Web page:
What’s their motivation? Most of the student athletes I work with play their sport because they love it. But some play because it’s expected of them.

    And not all coaches are created equal. Here’s where you want to really be selective. The best coaches realize they’re helping prepare their athletes for the future, as they transition from children to adults.

  6. JT
    JT says:

    Take your kids out of school so they’ll have a better chance of getting into school?

    Anyhow, I thought college was a waste of time. This blog is sometimes inconsistent.

  7. Redrock
    Redrock says:

    I am not sure I understand: why is it better to push kids to excel in sports then to excel in academic subjects like math or languages? Any sport is an endless series of tests -each game, each try-out, many practices are tests. Equally taxing as testing in an academic subject.

    • Penelope Trunk
      Penelope Trunk says:

      Study after study shows that kids who participate in sports are more successful at adult life — make more money, have better social skills, etc.

      And study after study shows that being good at academics does not improve one’s life at all unless you can get into a top-ten college. (My favorite example of this is the long-term study of Harvard undergrads published in the Atlantic.)

      So I’d way rather have a kid who is great at sports than a kid who is great at academics.

      Penelope

      • JT
        JT says:

        I wouldn’t write off academics so quickly. It is the academics who invented that smart phone you use, and who created the medicines that keep us healthy. Sports are nice, in their place, but I’d far rather have an intellectually curious child who finds the world an interesting place to explore.

        • redrock
          redrock says:

          the question is also at least somewhat about the difference between “participating” in sports, or “excelling” in sports. Participating in sports is great, and all kids should be able to find a sport or physical activity they enjoy – I have no doubt that this makes happier people. But once the sport becomes competitive, the time investment required to truly excel and reach the level of a sports scholarship is a whole different game. Which begs the question: if a kid is really superb at his/her sport of choice – why go to college? Why not focus on not just becoming a pro, but also coaching, or some entrepreneurial activity related to the sport? College seems to be obsolete for those athletes unless they go to a non-ivy league place for the collegiate competition. But again, that would defeat the idea of only the top 10 ivies being worth to attend ….

  8. Susie
    Susie says:

    How about a music scholarship in viola or French horn?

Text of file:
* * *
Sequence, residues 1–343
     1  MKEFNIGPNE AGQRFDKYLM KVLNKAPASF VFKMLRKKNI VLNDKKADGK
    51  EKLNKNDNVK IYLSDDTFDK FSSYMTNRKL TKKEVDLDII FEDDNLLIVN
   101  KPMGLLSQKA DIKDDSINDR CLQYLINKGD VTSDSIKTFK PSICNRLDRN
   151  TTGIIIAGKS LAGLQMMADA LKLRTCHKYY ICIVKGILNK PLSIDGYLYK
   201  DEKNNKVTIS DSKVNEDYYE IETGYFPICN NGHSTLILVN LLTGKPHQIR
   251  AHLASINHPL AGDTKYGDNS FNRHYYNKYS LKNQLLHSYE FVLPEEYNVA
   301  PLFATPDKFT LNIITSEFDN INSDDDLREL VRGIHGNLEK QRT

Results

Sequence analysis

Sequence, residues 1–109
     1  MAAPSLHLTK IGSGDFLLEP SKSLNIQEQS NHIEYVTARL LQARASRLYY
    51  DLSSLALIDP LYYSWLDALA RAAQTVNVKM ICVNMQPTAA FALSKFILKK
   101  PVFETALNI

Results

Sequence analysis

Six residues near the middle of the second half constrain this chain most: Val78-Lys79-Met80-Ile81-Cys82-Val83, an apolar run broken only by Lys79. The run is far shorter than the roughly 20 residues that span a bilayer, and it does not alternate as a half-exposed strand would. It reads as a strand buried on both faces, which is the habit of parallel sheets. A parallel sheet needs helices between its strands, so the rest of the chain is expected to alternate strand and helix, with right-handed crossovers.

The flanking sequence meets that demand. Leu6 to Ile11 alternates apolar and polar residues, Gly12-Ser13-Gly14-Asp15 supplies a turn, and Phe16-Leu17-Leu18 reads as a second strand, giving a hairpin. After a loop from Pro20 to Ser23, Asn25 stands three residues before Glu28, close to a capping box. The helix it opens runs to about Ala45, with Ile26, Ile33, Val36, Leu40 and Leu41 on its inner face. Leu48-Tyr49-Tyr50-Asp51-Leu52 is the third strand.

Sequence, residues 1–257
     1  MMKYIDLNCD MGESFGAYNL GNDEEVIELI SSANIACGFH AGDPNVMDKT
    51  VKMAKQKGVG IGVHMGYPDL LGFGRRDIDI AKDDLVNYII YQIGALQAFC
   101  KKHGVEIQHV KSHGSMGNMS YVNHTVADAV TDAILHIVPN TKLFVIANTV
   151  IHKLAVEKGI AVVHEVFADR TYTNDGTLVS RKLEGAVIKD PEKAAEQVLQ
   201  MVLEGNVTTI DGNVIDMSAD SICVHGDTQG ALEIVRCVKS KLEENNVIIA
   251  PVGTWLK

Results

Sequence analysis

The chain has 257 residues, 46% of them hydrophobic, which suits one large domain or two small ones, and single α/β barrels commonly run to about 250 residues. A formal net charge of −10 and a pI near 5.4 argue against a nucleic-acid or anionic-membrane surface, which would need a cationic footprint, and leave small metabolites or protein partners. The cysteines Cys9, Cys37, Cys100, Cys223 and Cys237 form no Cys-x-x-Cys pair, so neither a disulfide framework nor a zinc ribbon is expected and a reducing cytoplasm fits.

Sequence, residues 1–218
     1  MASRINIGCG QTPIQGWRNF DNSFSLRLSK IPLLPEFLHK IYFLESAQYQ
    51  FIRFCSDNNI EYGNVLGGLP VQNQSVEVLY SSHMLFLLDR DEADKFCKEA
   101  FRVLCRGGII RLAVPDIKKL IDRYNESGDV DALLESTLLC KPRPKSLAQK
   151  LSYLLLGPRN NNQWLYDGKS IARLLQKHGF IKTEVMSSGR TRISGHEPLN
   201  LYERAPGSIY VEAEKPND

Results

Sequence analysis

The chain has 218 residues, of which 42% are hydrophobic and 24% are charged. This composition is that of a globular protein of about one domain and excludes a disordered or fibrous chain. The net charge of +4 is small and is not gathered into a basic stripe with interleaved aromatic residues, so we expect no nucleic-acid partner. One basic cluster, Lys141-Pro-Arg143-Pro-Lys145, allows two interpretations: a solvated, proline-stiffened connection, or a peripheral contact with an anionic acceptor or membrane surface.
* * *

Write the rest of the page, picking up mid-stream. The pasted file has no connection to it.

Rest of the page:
There are FAR too many kids playing soccer to count on any kind of soccer scholarship. And I’m not interested in driving up and down the interstate every weekend.

    • Penelope Trunk
      Penelope Trunk says:

      I love the viola example because there is so much written about how kids only move from violin to the viola when they realize they can’t get a scholarship for violin.

      Penelope

      • lyndap
        lyndap says:

        Also, if they want to play in an orchestra, they have a better chance of getting a position if they play the viola instead of violin.

  9. Elizabeth
    Elizabeth says:

    I am homeschooling my athlete (gymnast) as well as her siblings. We love the flexibility for her to train/compete at the level she desires while securing the best education possible. Unfortunately, it is becoming more difficult for student athletes to maintain NCAA accreditation of their home school programs. This may force athletes in many training-intense fields to choose between excelling in their sport and competing in college.

  10. ntjpc
    ntjpc says:

    I am of the belief that High School sports will actually decrease in the future and be replaced by independent clubs. You are seeing that already with the more expensive sports like gymnastics. In Indiana, there were fewer than 12 high school gymnastics teams a few years ago. Our school dropped the team because it was too expensive to maintain the equipment, insurance for falls, and travel to compete against other teams.
    As the discussion about concussions heats up, you could see the same thing happen to football and soccer. The liability insurance will make having those sports be prohibitively expensive.
    If you have an elite high school aged athlete in any sport, you are best to either home school the student and join a club team, or go to high school, but compete on a club team. You will get much more attention from colleges and the pro’s competing in tournaments not related to school teams.
    The best athlete to ever attend your old high school graduated a few years ago. He is playing professional hockey today. He never played for the NT hockey team even though the hockey team is an annual contender and regularly wins the state trophy. http://en.wikipedia.org/wiki/John_Moore_(ice_hockey) .

    • JH
      JH says:

      The number one free ride skier in the world is from Indiana, and was homeschooled. Nick Goepper, 19, is the only skier to win back to back X-Games in ten years. He’s favored for a gold at Sochi. Great kid.